Level IV: SNMCF · WNMCF · NMWCF
Previously known as close custody. Inmate's criminal background and record of institutional behavior indicate that the inmate requires the need for continued staff supervision and observation within the confines of the security fences, armed towers and armed vehicle patrols. Inmate has the ability to function in general population but due to previous behavior or criminal background, inmate has a potential for actions that may threaten the security of the institution.
SPECIAL MANAGEMENT UNITS
Level V: PNM · NMWCF · CNMCF (APA) · SNMCF
Institutional behavior indicates the inability to function in general population because the inmate poses a threat to the safety of the staff, inmates or to the security of the institution. Inmate requires separation from the general population with limited movement and activities. Some inmates in level V are housed in single occupancy cells for 23 hours per day, receiving one (1) hour per day for recreation. Inmate may or may not be allowed to congregate with other inmates. Inmates in this level have been identified for reintegration to a general population facility.
Level VI: PNM · NMWCF · CNMCF (APA)
Institutional behavior threatens the security of the institution, requiring separation from the general population. This behavior includes, but is not limited to, assault, escape, inciting riots and planning or participating in security threat group activities. Inmates are housed in single occupancy cells for 23 hours per day and are not allowed to congregate with other inmates. They receive one (1) hour per day for recreation.
My husband is at the Lea County Correctional Facility in Hobbs and I live in Albuquerque with my (3) three children. I am not in good health, which makes it difficult to travel. I would like for my husband to be transferred to a facility closer to his family.
The procedure currently specifies that an inmate must initiate a lateral transfer request through their caseworker. The request is processed through classification at the facility. If approved at the facility level, the request is submitted to the Classification Bureau Chief, at Central Office for a final decision. Many times, family members call and want the inmate transferred. The request must come from the inmate. There may be factors that do not allow the inmate to be transferred to a certain prison. It is significant to note that due to space availability, it is difficult to transfer inmates based on being closer to their families. Inmates are assigned to facilities based on their custody level and space availability.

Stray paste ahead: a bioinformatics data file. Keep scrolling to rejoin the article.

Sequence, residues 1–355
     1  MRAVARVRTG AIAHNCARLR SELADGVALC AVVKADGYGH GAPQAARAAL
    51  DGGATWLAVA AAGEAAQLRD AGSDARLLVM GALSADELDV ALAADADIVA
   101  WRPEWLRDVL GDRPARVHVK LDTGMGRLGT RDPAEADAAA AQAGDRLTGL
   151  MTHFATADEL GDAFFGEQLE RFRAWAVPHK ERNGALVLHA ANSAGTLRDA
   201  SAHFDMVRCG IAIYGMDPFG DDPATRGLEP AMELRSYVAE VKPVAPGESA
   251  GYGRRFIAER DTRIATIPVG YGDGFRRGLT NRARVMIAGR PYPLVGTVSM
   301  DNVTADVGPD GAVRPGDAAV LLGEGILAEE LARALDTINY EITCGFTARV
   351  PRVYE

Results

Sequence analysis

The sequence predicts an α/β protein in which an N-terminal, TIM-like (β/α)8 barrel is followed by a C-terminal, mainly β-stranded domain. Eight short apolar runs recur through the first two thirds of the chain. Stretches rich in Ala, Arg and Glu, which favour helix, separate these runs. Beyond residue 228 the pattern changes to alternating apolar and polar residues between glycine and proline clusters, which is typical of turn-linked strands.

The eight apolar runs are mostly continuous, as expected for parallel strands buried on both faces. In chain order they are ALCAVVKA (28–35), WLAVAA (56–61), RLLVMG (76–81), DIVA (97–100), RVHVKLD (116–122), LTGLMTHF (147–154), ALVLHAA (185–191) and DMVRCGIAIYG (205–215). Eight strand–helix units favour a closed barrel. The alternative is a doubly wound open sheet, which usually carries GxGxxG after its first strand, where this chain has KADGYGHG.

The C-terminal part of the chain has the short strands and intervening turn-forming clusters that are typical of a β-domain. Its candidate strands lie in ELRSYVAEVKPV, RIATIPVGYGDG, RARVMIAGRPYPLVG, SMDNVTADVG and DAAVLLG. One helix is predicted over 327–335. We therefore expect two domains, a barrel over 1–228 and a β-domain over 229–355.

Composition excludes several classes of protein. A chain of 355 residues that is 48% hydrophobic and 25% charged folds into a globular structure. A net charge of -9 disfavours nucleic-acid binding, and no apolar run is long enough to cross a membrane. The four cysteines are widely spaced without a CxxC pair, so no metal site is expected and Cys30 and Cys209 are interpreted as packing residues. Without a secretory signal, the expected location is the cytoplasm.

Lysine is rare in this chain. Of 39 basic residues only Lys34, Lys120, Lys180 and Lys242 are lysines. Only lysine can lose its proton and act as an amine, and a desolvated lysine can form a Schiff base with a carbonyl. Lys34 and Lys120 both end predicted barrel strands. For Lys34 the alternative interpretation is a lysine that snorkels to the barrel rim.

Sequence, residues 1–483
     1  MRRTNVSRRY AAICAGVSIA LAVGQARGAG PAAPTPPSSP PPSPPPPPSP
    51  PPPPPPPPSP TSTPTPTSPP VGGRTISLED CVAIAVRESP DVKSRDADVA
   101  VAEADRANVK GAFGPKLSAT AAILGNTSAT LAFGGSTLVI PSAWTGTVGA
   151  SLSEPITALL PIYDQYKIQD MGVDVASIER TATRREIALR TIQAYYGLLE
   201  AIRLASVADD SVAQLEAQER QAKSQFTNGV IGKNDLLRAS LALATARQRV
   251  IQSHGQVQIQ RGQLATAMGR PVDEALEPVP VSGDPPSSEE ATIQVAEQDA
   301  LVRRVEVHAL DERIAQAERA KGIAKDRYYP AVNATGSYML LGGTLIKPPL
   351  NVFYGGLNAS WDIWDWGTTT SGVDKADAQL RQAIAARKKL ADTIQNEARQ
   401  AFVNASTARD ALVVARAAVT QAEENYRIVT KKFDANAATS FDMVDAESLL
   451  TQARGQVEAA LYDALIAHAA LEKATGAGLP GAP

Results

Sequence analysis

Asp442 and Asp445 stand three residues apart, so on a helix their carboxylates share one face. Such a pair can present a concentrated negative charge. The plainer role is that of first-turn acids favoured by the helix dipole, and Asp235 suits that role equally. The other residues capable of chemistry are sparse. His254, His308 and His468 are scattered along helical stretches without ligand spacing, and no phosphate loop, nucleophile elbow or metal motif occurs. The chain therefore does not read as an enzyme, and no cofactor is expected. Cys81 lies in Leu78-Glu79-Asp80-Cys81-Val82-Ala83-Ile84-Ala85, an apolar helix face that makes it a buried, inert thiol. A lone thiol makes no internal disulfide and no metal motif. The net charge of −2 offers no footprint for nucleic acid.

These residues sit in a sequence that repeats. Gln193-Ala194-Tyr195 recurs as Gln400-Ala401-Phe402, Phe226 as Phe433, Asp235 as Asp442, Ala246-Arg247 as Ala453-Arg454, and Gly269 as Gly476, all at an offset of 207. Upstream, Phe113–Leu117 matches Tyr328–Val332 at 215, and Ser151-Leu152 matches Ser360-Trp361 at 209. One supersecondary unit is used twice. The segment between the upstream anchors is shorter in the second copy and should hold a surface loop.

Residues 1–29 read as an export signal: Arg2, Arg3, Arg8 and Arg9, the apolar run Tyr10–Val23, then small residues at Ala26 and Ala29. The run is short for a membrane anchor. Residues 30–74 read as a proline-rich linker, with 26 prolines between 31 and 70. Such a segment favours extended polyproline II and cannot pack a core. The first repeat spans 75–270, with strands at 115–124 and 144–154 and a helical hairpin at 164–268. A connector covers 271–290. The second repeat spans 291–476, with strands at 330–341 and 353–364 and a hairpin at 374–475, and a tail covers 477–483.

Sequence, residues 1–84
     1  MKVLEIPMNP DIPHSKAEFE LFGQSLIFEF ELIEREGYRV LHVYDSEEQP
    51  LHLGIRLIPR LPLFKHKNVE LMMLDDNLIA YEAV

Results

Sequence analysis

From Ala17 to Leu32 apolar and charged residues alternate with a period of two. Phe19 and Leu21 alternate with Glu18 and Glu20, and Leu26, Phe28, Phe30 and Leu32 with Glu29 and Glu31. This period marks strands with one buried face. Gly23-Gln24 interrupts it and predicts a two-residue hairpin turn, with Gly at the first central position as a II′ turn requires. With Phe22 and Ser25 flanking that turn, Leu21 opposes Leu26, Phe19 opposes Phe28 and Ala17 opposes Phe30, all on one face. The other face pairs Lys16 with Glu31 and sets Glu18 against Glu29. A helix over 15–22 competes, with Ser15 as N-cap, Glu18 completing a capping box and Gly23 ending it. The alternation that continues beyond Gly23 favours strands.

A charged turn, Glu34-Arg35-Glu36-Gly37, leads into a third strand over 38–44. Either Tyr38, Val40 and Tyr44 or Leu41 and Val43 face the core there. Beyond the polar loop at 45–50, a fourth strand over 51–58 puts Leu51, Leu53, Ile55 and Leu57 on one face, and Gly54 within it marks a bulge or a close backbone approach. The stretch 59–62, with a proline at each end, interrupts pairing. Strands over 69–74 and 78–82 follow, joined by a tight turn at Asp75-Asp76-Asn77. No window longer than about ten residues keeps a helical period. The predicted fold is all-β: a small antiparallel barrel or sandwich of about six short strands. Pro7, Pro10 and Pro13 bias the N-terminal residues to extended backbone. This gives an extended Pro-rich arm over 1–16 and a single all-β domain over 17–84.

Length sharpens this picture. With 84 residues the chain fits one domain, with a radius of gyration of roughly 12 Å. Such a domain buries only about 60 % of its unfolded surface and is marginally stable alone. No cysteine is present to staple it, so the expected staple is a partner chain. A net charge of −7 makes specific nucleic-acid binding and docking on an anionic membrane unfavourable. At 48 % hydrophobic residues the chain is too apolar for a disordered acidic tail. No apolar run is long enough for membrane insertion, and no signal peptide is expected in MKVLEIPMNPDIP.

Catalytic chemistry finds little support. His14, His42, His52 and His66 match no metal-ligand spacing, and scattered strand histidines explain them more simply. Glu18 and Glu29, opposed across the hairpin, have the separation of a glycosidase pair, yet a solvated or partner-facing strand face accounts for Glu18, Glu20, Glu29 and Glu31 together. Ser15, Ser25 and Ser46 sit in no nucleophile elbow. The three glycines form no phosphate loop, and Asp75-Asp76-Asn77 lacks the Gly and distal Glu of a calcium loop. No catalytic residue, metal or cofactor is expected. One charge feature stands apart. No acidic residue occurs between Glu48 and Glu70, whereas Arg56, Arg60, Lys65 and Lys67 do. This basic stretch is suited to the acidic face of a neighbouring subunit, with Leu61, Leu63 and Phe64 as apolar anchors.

My son was initially advised by his caseworker that he was getting out of prison on the 10th of this month. He has since been informed that his release date is the 20th of the month. Why did the date change?
Inmates are given a projected release date. A "projected" date is determined by the good time that the inmate has earned and/or is expected to earn. If good time is not earned as anticipated, or is forfeited as a result of a misconduct report, the inmate's release date will change. Also, if additional good time is earned or credited (by the courts or restored) this will result in an adjusted release date. Please note that all inmate files are audited prior to release. Any errors found must be corrected which may affect the release date.
How do I send money to an inmate?
Funds sent to an inmate must be in the form of a certified check or money order. The certified check or money order should indicate the inmate's name and their five (5) digit Corrections number. The sender of the money must be on the inmates approved visitor list for the inmate to receive the money. All monies received in proper form are deposited into the inmates account. The inmate will be advised of this deposit through a receipt.
What do I need to do in order to visit an inmate?
Inmates must request to have your name placed on their visiting list. A visiting application
will be sent to you for completion. The questionnaire is to be filled out completely and accurately. When the application is returned, it will be reviewed for an approval or denial in accordance with visiting guidelines. Your name will be added to the visiting list once it has been approved.
My husband received a misconduct report for being in possession of drugs at the prison? He claims he is innocent of these charges. What can be done?